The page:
With the Oakland Raiders moving to the gambling capital of the nation and playing in a stadium built in large part by a tax on hotel rooms rented by those who go there to gamble, the link between the new venue and gambling already was obvious. That didn’t stop USA Today from publishing a lengthy article documenting the obvious.
Yes, as the headline declares, the “Raiders’ stadium in Las Vegas has deep ties to gambling industry.” Most people realized this the moment the Raiders decided to build a stadium in Las Vegas. And yet the item from Brent Schrotenboer reads as if no one previously would have recognized the clear connection between Las Vegas and gambling.
“The new NFL stadium in Las Vegas doesn’t yet have a name and isn’t expected to open until 2020. But when it does, at least one nickname certainly will apply: The House That Gambling Built,” the first paragraph of the article states. To that we say: Duh.
“The $1.9 billion project never would have made it through the state legislature – or attracted the Oakland Raiders – without the support of the gambling industry, according to experts and the legislative record,” says the second paragraph of the article. Thank heavens for those experts, and for the legislative record; otherwise, it would have been impossible to realize that the gambling industry supported a tax on the customers of their hotels that will generate $750 million in free money for the NFL.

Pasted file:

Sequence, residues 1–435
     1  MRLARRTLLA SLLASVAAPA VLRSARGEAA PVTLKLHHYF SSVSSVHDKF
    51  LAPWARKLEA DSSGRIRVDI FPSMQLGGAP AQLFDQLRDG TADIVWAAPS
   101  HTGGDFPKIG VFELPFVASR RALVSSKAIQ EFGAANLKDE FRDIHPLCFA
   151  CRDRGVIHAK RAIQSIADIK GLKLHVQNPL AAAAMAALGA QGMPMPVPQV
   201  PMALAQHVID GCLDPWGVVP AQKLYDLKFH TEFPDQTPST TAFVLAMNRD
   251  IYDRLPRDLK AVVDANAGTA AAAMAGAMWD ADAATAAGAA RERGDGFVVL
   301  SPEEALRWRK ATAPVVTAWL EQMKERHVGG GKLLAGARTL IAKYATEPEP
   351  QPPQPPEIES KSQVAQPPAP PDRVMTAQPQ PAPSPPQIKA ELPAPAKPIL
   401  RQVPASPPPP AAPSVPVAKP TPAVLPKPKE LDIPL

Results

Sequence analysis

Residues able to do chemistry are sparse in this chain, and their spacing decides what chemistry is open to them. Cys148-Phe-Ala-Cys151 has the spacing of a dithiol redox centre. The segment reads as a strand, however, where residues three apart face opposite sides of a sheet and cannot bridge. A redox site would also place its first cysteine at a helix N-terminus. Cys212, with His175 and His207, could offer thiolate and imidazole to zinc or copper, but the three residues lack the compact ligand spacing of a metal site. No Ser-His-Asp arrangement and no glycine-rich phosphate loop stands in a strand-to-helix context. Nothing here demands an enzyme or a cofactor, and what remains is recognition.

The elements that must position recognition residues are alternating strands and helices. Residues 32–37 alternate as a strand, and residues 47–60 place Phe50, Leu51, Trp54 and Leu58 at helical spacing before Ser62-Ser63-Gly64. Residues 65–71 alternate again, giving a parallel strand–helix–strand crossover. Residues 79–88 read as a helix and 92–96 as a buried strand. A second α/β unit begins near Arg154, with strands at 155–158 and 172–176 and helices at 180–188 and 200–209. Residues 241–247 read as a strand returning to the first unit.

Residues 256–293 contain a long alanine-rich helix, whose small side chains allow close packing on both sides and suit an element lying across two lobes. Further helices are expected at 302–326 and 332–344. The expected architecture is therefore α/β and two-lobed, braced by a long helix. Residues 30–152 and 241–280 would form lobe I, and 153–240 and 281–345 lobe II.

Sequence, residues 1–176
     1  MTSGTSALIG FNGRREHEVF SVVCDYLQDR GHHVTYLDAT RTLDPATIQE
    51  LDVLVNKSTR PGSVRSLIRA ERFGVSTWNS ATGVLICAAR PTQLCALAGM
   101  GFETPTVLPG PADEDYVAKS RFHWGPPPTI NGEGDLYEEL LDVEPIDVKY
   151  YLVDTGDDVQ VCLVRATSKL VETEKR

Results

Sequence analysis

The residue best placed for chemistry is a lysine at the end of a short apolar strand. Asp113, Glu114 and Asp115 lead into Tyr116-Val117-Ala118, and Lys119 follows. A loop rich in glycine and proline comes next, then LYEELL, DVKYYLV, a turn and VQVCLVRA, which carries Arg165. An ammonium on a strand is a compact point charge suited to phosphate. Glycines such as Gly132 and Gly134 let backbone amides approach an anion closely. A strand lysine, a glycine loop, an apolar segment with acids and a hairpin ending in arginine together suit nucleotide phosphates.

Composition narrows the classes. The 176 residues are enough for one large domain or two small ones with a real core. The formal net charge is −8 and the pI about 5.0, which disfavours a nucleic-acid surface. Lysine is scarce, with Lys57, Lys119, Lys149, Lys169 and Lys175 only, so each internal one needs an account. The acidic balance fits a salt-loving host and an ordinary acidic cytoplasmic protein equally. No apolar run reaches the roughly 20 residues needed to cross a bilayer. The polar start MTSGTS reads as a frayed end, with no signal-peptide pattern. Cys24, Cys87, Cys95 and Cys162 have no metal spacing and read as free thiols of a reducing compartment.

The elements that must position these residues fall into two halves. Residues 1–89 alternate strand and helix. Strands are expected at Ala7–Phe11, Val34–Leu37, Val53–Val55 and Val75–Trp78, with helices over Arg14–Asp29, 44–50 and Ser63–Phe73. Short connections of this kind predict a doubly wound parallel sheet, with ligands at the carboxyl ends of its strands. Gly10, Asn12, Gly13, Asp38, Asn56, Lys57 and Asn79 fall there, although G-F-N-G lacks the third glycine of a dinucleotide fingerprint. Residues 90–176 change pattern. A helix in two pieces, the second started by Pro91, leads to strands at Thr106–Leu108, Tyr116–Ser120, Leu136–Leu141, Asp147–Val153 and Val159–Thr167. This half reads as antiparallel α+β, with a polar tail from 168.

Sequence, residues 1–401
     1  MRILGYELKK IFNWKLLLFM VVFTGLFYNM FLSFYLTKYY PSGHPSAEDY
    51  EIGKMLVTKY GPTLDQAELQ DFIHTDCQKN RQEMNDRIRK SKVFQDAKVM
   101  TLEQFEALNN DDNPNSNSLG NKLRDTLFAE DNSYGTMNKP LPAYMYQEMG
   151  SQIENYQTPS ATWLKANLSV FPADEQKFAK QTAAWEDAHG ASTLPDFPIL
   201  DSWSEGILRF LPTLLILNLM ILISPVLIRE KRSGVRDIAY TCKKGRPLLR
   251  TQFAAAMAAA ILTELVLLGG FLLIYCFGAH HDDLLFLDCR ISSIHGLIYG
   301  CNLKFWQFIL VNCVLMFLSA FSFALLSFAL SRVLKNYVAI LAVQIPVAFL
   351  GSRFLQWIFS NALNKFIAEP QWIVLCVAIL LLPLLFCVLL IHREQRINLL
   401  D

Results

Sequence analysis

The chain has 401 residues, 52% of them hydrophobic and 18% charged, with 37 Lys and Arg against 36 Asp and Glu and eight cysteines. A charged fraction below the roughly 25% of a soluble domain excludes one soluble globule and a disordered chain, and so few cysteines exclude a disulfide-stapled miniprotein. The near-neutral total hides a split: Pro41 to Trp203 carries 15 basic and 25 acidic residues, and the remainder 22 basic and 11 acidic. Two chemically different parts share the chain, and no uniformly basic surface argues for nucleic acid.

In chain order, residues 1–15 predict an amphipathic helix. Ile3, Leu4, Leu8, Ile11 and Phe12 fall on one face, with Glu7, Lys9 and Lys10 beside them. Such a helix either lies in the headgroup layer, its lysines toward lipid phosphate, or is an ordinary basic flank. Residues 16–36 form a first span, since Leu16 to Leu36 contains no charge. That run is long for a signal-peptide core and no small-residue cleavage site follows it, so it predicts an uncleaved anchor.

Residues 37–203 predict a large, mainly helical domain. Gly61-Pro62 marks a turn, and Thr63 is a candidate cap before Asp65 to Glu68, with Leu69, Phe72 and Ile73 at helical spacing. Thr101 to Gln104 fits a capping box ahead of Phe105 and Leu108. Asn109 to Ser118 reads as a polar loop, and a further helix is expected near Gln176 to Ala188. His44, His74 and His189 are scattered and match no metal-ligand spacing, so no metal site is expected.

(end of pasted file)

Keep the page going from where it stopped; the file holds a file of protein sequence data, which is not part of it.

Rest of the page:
Of course the gambling industry was instrumental to this one. The project initially got off the ground with the assistance of Sands casino owner Sheldon Adelson, who helped get the Nevada Legislature to make the three-quarter-billion-dollar investment in a football stadium. Even though Adelson has since bowed out, the stadium won’t maximize its revenue potential without gambling concerns purchasing suites luxury suites and naming rights and other bells-and-whistles that will both allow the gambling industry to promote itself and that will allow the Raiders to make as much money as possible. Indeed, if those businesses can’t buy items of that type for a Las Vegas stadium, who will?
The real question isn’t where the ball currently is resting but where it will skitter next as the roulette wheels of legalized gambling and pro football continue to spin, in directions that Roger Goodell would have us all believe are opposite. They aren’t.
The federal law that limits the expansion of sports betting eventually could be changed (against the likely objection of the state that laid the foundation for that effort by luring the Raiders to town), and then the individual states could begin, to the chagrin of Nevada, to legalize sports betting without limitation from the provision the NFL has used to prevent the spread of sports wagering in the past.
As the states embrace sports wagering one by one, the NFL eventually will slide onto the scene, looking for a way to finally get a cut of the billions of dollars that change hands among gamblers. Years from now, that could happen as easily as dialing up a team’s website and placing a bet.
Regardless of where it goes from here, the Raiders are moving to Las Vegas not in spite of gambling but because of it. For the league, allowing the move wasn’t an aberration but the biggest tangible step yet in the league’s effort to get to the stated goal of $25 billion per year in revenue by dipping its beak in the ocean of currently illegal bets made every year from sea to shining sea.